OldCiren - Cirencester, Gloucestershire, UK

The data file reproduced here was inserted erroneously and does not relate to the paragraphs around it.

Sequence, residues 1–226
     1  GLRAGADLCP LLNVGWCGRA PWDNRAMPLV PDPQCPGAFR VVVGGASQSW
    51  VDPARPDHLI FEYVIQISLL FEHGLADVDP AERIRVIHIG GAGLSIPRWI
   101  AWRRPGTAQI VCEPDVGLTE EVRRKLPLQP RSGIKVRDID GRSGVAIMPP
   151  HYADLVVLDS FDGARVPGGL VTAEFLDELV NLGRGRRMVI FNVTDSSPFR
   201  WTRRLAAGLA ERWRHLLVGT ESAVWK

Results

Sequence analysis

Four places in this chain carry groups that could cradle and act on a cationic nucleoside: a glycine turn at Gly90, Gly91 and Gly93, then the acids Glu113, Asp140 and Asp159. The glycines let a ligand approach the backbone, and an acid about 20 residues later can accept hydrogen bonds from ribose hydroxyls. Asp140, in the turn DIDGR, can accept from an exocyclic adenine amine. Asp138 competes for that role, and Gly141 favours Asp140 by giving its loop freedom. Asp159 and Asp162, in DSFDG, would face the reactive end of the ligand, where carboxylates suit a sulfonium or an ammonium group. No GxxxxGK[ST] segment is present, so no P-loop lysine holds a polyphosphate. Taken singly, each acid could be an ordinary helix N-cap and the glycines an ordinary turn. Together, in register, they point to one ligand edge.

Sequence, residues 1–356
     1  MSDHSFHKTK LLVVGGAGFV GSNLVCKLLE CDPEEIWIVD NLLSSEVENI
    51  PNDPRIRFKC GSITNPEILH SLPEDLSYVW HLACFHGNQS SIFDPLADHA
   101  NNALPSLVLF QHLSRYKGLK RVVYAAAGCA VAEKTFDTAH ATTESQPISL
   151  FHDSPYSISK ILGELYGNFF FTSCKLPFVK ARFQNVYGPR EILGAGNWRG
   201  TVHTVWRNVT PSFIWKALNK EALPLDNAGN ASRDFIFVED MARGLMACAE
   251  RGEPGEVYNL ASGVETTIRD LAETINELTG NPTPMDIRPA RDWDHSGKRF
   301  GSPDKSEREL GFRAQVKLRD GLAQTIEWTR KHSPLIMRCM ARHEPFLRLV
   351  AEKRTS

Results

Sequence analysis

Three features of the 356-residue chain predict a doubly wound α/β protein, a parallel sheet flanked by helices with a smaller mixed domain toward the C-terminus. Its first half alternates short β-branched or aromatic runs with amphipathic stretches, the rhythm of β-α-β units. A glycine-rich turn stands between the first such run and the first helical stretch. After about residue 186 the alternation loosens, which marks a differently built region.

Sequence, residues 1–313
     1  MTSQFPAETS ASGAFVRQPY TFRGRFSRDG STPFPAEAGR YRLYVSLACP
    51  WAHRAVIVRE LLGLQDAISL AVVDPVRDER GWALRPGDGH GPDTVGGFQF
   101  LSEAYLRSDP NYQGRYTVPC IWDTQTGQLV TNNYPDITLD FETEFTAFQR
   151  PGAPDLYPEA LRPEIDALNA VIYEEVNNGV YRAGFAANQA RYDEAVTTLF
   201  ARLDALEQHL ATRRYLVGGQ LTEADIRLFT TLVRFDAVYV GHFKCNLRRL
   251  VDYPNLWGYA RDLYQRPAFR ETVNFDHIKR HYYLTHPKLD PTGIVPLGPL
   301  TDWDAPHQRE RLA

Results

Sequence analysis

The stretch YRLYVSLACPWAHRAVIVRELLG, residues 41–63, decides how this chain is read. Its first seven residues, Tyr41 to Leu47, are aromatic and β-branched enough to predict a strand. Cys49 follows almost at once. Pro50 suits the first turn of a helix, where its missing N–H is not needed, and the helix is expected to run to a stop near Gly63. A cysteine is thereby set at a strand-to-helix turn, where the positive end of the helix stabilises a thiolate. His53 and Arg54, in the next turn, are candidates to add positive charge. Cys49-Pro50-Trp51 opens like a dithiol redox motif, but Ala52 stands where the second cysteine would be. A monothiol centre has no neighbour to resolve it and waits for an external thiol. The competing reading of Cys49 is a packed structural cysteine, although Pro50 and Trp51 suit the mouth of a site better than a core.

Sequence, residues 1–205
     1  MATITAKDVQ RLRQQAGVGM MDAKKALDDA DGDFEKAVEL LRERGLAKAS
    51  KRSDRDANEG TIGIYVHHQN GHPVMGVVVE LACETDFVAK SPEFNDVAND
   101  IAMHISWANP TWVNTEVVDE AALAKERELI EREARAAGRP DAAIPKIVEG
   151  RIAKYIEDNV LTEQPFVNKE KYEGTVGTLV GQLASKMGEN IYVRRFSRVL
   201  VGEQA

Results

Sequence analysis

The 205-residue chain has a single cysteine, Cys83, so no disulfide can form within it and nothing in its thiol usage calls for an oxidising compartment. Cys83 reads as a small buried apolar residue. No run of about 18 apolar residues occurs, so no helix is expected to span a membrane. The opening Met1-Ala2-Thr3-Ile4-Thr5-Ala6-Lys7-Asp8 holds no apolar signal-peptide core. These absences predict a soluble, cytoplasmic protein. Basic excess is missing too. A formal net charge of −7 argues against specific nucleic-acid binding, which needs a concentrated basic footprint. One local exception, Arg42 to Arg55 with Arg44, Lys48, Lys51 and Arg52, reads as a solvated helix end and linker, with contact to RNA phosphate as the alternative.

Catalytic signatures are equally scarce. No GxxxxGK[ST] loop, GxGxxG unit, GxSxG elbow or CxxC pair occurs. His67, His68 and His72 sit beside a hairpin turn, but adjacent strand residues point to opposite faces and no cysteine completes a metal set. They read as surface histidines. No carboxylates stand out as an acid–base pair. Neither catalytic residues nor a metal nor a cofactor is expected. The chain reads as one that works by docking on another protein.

Favourite Teachers ... It’s funny how we all have different memories of Teachers from our School days; some good and some not so good. Back then we all had our favourites and we also had those we weren’t too keen on. Whenever I post pictures of Teachers up on OldCiren (FB) the response is usually enormous with “likes” and positive comments far outweighing the critical. It might be 60 years ago but I can still remember all my Teachers; the Lewis Lane ones as well as those from the Deer Park. I remember them for different reasons; some for their kindness in the early days when at the age of five I had to leave my Mother at the iron gates of Lewis Lane Infants School to join my classmates with our surrogate “Mum” for the day, Mrs Thorne; who I later discovered owned the sweetshop round the corner in Dyer Street. Some gave me encouragement: “Killer” Close at the Deer Park pointed me in the right direction educationally and “Johnny” Gent inspired a life-long love of English Literature. But why or how did these well meaning; literally “Old School” Teachers get these nicknames? At Lewis Lane we had “Fanny” Phillips (Vera) and Miss Wobbly-Webbly (Wobbly because in the 1960’s I remember if you had a wobbly tooth she would pull out for you in the staff room). I was reminded recently by an old Ciren friend, of “Boris” Hickman who taught French at the Deer Park. No one ever knew how he gained his nickname and to this day it remains a mystery how a chap from Chesterton who taught French at a school just a mile from where he lived up Chesterton Lane, earned a Russian sobriquet. But not all teachers were referred to by nicknames. Many were referred to, and still are to this day by their formal titles Mr, Mrs or Miss. It came as quite a surprise to me many years after leaving School; meeting several of my old teachers in different Social situations in Ciren, and being granted by them, the privilege of using their first names: Ruth Denning was one who changed from “Mrs” to “Ruth” as I sat with her many times at the Quaker Meeting House in Thomas Street, and in his last years, the once known and revered Mr Card became a firm friend to me as “Ron”.